By Serajul Quadir and Sanjeev Miglani
DHAKA/NEW DELHI (Reuters) - Bangladesh security forces were preparing to free around 20 hostages, including several foreigners, from a restaurant in an upmarket area of the capital Dhaka early on Saturday, after gunmen stormed the building killing at least two policemen.
Gowher Rizvi, an adviser to Bangladesh Prime Minister Sheikh Hasina, told Reuters that security forces were trying to negotiate an end to the crisis, failing which they would launch an offensive to end the siege, possibly as soon as daybreak.
Police said eight to nine gunmen attacked the Holey Artisan restaurant in the Gulshan district of Dhaka that is popular with expatriates.
The assailants, believed to be carrying assault rifles and grenades, exchanged sporadic gun fire with police outside for several hours after the attack, which began around 9 p.m. local time on Friday.
Islamic State has claimed responsibility for the attack and said 24 people had died. Bangladesh police denied that assertion, saying that two police officers had been killed and at least 15 people wounded.
Italian and Indian nationals are among the hostages, said a duty officer at the Rapid Action Battalion's (RAB) control room.
Italy's ambassador to Bangladesh, Mario Palma, told Italian state TV that seven Italians were among the hostages.
"It is a suicide attack. They want to carry out a powerful and bloody operation and there is no room for negotiation," Palma said.
The hostage crisis marks an escalation from a recent spate of murders claimed by Islamic State and al Qaeda on liberals, gays, foreigners and religious minorities, and could deal a major blow to the country's vital $25 billion garment sector.
Last year, several Western retailers temporarily halted visits to Dhaka following the killing of two foreigners.
SPIKE IN MILITANT ATTACKS
Bangladesh has seen a spike in militant violence in the last 18 months. Attacks have tended to be on individuals, often using machetes, and the raid on the restaurant was a rare instance of a more coordinated operation.
Earlier on Friday, a Hindu priest was hacked to death at a temple in Jhinaidah district, 300 kms (188 miles) south west of Dhaka.
Both Islamic State and al Qaeda have claimed responsibility for many of the killings, although local authorities say there are no operational links between Bangladeshi militants and international jihadi networks.
Bangladesh security officials say two local militant groups, Ansar-al-Islam and Jamaat-ul-Mujahideen, are behind the violence. Ansar pledges allegiance to al Qaeda, while Jamaat-ul-Mujahideen claims it represents Islamic State.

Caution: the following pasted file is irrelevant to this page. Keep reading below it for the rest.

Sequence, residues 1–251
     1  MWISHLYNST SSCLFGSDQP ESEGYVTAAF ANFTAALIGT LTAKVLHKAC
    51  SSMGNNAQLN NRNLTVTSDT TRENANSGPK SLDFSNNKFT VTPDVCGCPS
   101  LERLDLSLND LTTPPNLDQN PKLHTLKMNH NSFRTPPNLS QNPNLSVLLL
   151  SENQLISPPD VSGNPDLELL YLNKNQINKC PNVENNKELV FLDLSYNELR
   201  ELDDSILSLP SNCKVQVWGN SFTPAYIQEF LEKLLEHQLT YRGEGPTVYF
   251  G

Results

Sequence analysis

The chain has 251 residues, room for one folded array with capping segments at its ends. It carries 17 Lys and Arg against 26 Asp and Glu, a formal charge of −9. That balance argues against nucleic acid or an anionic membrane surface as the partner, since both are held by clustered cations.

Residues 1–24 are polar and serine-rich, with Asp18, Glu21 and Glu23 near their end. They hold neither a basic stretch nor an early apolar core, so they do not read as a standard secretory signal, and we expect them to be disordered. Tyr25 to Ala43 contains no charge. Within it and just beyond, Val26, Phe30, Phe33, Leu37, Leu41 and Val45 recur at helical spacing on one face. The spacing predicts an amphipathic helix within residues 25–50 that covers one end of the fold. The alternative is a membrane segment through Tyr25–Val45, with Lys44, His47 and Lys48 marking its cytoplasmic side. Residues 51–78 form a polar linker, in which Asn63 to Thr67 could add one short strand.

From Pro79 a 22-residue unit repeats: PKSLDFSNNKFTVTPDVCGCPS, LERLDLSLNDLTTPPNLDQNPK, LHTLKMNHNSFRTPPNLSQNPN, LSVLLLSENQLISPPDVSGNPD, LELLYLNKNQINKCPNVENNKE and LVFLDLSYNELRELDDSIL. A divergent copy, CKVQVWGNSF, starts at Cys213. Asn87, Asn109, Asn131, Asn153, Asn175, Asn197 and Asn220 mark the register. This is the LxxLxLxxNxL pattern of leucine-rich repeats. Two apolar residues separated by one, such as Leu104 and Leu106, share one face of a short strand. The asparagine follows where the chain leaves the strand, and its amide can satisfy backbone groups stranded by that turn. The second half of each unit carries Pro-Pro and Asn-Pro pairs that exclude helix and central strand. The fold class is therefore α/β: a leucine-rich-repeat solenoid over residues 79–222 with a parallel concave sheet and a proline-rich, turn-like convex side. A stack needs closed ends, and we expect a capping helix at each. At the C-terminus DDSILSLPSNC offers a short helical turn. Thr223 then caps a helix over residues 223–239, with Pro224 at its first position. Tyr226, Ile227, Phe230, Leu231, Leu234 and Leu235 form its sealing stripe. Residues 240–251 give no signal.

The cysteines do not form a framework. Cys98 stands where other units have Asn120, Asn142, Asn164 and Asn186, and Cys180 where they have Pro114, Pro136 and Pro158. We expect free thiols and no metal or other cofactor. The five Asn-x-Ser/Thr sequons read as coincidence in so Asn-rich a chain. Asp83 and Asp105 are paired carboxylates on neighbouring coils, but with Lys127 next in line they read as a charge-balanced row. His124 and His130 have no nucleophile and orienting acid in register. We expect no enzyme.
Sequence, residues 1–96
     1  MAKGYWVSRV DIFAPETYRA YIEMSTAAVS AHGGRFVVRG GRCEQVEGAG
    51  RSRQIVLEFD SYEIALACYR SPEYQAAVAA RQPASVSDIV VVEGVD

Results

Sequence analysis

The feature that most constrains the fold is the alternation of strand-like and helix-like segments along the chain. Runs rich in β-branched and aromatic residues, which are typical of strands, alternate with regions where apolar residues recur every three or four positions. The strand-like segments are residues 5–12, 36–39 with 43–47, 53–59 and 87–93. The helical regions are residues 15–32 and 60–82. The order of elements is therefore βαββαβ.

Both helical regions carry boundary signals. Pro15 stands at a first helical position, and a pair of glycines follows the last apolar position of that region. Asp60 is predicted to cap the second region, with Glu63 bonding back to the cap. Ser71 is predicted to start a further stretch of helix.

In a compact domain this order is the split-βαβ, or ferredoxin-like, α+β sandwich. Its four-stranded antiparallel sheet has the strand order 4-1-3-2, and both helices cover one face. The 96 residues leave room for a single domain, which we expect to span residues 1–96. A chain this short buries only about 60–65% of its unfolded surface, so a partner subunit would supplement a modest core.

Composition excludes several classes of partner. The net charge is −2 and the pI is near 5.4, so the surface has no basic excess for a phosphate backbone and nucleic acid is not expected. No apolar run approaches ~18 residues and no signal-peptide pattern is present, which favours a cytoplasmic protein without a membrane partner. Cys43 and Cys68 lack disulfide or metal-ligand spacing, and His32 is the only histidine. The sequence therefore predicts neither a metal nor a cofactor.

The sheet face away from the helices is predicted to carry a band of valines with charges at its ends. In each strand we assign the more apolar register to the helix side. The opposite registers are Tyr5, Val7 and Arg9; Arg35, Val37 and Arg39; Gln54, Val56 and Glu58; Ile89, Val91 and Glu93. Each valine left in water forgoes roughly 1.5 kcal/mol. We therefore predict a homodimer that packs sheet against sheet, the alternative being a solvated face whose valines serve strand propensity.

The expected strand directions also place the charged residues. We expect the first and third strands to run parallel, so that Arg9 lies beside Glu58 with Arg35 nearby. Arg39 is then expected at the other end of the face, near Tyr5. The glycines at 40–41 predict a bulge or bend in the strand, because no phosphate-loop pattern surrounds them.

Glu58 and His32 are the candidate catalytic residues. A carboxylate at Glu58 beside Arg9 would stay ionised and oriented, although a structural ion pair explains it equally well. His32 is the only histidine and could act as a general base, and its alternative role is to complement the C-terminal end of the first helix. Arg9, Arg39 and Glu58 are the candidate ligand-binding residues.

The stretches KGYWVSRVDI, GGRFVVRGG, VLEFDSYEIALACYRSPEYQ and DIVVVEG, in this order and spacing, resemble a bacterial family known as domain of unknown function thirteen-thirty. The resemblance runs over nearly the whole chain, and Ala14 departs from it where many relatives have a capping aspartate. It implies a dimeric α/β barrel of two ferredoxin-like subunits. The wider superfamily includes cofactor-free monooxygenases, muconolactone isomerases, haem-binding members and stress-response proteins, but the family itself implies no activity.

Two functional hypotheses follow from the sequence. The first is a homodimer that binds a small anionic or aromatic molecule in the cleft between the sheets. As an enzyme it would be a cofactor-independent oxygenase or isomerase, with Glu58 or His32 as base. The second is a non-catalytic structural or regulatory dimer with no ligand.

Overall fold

"The bottom line is Bangladesh has plenty of local, (often unaffiliated), militants and radicals happy to stage attacks in ISIS's name," said Michael Kugelman, South Asia associate at The Wilson Centre in Washington D.C., using an acronym commonly used for Islamic State.
He added that Islamic State had claimed more attacks in Bangladesh than in Pakistan or Afghanistan.
SPORADIC GUNFIRE, CHAOS
Rizvi, the adviser to prime minister, said the hostage crisis began when local security guards in the diplomatic enclave noticed several gunmen outside a medical center.
When the guards approached, the gunmen ran into the restaurant, which was packed with people waiting for tables, he added.
An employee who escaped told local television that there were about 20 customers at the restaurant at the time, and most of them were foreigners. The restaurant has a seating capacity of around 25 people.
There were also some 15 to 20 staff working there at the time, the employee said.
A police officer at the scene said that when security forces tried to enter the premises at the beginning of the siege they met a hail of bullets and grenades.
Television footage showed a number of police being led away from the site with blood on their faces and clothes. Heavily armed officers could be seen milling on the street outside.
A resident near the scene of the attack told Reuters he could hear sporadic gunfire nearly three hours after the attack began.
"It is chaos out there. The streets are blocked. There are dozens of police commandos," said Tarique Mir.
Italy's Foreign Minister Paolo Gentiloni said on Twitter he was closely following the situation in Dhaka, adding he was "anxious for Italians involved" and expressing solidarity with their families.
Prime Minister Matteo Renzi abruptly left a ceremony at the Colosseum in Rome on Friday evening to follow the hostage-taking incident, a source at his office said.
The U.S. State Department said all Americans working at the U.S. mission there had been accounted for. A spokesman said in Washington the situation was "very fluid, very live".
President Barack Obama has also been briefed about the attack, the White House said.
(Additional reporting by Krishna Das and Rupam Jain in NEW DELHI, Isla Binnie in ROME and Melissa Fares in NEW YORK; Writing by Paritosh Bansal; Editing by Mike Collett-White)